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'Legally Blonde'

'Legally Blonde' drops the bombshell and makes a case for girl power

Friday, July 13, 2001

By Rob Owen, Post-Gazette TV Editor

Did you hear the one about the blonde? This summer you will. And what you will hear will be bubbly, ebullient praise for "Legally Blonde," a cute comedy as fluffy as the thick, long locks that cascade over star Reese Witherspoon's shoulders.

 
    'LEGALLY BLONDE'

RATING: PG-13, mild profanity and sexual references

STARRING: Reese Witherspoon, Luke Wilson, Selma Blair

DIRECTOR: Robert Luketic

CRITIC'S CALL: 3 stars

 
 

Witherspoon stars as Elle Woods, who looks and sounds like the cousin of Alicia Silverstone's "Clueless" character. Elle is a sorority president at California University in Los Angeles who expects her well-to-do preppy boyfriend Warner Huntington II (Matthew Davis) to propose marriage.

Instead, he breaks up with her. He's bound for Harvard Law School with political ambitions, explaining, "I need to marry a Jackie, not a Marilyn."

Elle reacts like any self-confident, blond, privileged California girl: She goes after what she wants, applying to Harvard Law to prove she's smart and savvy enough to be a politician's wife.

Up to this point, "Legally Blonde" creeps along, occasionally offering amusing moments amidst the usual repertoire of blonde jokes (she has a 4.0 grade point average, but her major is fashion merchandising; she gets "a Coppola" to direct her admissions video; she proves her legal prowess by saying "I object" when guys whistle at her on the street). It's OK, but nothing to write to Cosmo about.

Once Elle gets to Harvard, with her costumed pet Chihuahua in tow, "Legally Blonde" earns its stripes (or would that be highlights?). Elle loses and regains her confidence, befriends a down-on-her-luck manicurist (Jennifer Coolidge), encounters an East Coast snob (Selma Blair) and tries to win back Warner.

Among other cast members, blink and you'll miss Raquel Welch in a courtroom cameo as a wealthy woman whose ex-husband is murdered. Linda Cardellini, almost unrecognizable from her role on TV's "Freaks and Geeks," plays Welch's aptly-named daughter, Chutney.

Holland Taylor essentially reprises her brittle, domineering judge character from TV's "The Practice" as Professor Stromwell, a tough teacher who sporadically causes the perpetually smiling Elle to frown.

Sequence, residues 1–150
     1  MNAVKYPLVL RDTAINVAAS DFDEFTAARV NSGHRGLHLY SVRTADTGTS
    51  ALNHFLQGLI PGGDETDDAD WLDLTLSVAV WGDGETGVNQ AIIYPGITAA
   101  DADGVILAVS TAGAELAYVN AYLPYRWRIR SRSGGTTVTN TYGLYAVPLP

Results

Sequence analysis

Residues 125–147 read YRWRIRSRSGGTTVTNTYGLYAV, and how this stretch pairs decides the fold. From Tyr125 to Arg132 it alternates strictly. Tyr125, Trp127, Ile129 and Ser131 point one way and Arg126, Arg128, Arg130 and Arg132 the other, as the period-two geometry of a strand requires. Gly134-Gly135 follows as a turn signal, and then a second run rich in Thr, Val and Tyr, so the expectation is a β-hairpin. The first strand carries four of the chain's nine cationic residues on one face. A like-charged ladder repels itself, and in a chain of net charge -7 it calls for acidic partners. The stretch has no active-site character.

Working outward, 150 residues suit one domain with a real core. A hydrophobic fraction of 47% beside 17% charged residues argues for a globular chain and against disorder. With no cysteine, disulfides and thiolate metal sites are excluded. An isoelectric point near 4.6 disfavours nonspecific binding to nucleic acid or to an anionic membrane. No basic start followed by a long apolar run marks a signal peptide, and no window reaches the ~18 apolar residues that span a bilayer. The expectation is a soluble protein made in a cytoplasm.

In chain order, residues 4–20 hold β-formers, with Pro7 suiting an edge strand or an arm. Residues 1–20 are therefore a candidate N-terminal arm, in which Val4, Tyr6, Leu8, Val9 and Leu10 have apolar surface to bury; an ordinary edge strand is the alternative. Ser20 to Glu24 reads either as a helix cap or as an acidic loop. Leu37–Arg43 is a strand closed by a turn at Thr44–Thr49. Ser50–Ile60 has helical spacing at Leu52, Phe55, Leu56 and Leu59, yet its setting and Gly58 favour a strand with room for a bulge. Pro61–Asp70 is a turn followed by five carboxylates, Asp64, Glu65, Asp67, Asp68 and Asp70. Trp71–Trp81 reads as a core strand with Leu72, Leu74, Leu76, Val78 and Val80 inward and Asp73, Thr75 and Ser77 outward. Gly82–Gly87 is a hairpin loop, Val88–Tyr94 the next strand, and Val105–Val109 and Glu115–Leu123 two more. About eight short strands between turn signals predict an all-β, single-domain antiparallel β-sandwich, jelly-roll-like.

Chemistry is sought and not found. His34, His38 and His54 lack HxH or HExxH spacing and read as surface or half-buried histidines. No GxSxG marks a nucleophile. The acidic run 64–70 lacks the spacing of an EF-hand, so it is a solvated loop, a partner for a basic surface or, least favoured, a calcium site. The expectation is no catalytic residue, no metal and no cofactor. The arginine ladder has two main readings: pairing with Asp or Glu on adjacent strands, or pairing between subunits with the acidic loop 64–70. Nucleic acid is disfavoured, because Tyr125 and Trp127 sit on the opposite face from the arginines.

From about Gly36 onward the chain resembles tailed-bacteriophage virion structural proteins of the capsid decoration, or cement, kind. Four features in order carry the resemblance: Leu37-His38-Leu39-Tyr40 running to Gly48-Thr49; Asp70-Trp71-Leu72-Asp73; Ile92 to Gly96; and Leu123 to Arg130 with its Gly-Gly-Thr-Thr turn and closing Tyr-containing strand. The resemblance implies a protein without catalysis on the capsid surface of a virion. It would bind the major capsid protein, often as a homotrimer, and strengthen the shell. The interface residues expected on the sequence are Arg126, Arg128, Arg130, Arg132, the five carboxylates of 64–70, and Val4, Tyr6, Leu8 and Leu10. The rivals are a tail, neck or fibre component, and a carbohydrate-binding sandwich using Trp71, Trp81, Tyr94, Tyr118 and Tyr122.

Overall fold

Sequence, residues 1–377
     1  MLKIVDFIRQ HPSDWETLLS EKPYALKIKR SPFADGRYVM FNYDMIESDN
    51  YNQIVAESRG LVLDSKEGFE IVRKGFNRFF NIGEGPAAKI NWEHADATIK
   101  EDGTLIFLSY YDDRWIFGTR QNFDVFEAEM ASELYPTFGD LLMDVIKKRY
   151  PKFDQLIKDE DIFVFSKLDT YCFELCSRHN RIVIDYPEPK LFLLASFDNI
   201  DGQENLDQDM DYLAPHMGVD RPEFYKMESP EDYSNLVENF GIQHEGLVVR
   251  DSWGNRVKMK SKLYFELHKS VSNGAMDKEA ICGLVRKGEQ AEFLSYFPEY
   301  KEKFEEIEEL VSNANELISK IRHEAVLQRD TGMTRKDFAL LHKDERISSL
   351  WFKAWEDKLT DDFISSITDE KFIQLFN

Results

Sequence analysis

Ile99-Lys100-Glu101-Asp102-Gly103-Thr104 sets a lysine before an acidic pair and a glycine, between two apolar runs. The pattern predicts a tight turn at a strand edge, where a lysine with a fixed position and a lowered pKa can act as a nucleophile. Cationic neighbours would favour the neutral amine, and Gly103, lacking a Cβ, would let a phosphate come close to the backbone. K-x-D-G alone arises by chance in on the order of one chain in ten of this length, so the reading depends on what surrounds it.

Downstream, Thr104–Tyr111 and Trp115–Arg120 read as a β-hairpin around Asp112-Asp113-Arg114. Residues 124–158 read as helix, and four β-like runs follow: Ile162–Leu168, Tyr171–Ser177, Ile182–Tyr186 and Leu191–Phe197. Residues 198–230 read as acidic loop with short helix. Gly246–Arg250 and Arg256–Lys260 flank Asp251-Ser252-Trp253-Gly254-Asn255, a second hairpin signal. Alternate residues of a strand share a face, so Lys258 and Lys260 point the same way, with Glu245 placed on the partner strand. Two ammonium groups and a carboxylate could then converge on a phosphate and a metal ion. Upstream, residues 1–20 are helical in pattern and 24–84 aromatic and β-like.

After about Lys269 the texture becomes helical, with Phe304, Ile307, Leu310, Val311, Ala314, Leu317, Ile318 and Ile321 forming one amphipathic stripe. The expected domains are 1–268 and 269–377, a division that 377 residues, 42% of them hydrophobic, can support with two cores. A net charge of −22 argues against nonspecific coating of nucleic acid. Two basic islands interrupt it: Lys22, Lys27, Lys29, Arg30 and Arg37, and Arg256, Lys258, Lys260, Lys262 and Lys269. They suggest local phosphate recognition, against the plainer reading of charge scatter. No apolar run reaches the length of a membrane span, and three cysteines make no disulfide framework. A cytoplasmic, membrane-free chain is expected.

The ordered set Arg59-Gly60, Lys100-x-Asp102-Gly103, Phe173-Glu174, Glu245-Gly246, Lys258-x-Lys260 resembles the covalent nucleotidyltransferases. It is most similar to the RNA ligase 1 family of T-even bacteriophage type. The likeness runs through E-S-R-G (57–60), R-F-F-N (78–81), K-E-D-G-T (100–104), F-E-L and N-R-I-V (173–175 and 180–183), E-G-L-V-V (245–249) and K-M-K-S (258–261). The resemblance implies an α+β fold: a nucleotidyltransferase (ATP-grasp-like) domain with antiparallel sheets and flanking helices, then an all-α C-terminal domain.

Victor Garber plays a more sympathetic prof who encourages Elle despite her outrageous outfits and her, like, immature, stilted manner of speaking. His young research assistant, Emmett (Luke Wilson), is attracted to Elle, but since this is ultimately a film about blond empowerment, all love stories take a back seat to Elle's ability to defy the expectations of those around her.

"Legally Blonde" breaks no new ground, but it is a thoroughly enchanting fairy tale that's also pretty innocent for a PG-13 film. Aside from some comedic profanity and mostly inoffensive sexual references (students in a law class hilariously debate a case involving a sperm bank), there's little content that would make most parents blush.

First-time feature film director Robert Luketic, previously unknown for a short film he directed called "Titsiana Booberini," capably puts Elle through her paces to achieve personal and academic contentment.

The script, by "10 Things I Hate About You" screenwriters Karen McCullah Lutz and Kirsten Smith, hampers Luketic's direction in the early going. Elle's life in the sorority house is unimaginative and the initial blonde shtick is tired. But after the first 15 minutes of this 96-minute film, the script improves (and the blond lifestyle minutiae becomes more creative), allowing Luketic to set a brisk pace befitting his perky lead character.

The script's only other failing comes late in the movie, when a seemingly nice character is revealed to be a creep and remains in jerk mode. It's a twist that rings false.

Witherspoon, a talented actress who has most often proved herself adept at drama, gets to show a lighter comedic side. Elle has the chipper nature of Witherspoon's "Election" character, Tracey Flick, only for Elle it's not a front that hides a conniver lurking beneath.

"You need to have more faith in people. You might be surprised," good-hearted Elle says, absolutely convinced of her words.

Though having faith in Hollywood to produce innocuous, entertaining movies is usually too much to ask, it's worth it in the case of "Legally Blonde."

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